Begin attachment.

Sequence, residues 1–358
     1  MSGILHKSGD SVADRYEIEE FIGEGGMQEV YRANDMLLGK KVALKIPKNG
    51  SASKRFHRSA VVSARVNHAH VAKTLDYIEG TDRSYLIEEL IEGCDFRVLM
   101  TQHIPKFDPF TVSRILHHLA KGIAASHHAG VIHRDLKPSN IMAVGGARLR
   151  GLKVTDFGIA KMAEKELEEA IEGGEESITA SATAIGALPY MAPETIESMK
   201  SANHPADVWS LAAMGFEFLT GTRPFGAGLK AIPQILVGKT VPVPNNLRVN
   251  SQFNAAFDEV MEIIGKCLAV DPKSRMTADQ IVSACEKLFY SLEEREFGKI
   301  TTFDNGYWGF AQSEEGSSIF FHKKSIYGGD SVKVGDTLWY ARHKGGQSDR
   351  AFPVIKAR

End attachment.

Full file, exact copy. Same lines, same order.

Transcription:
Sequence, residues 1–358
     1  MSGILHKSGD SVADRYEIEE FIGEGGMQEV YRANDMLLGK KVALKIPKNG
    51  SASKRFHRSA VVSARVNHAH VAKTLDYIEG TDRSYLIEEL IEGCDFRVLM
   101  TQHIPKFDPF TVSRILHHLA KGIAASHHAG VIHRDLKPSN IMAVGGARLR
   151  GLKVTDFGIA KMAEKELEEA IEGGEESITA SATAIGALPY MAPETIESMK
   201  SANHPADVWS LAAMGFEFLT GTRPFGAGLK AIPQILVGKT VPVPNNLRVN
   251  SQFNAAFDEV MEIIGKCLAV DPKSRMTADQ IVSACEKLFY SLEEREFGKI
   301  TTFDNGYWGF AQSEEGSSIF FHKKSIYGGD SVKVGDTLWY ARHKGGQSDR
   351  AFPVIKAR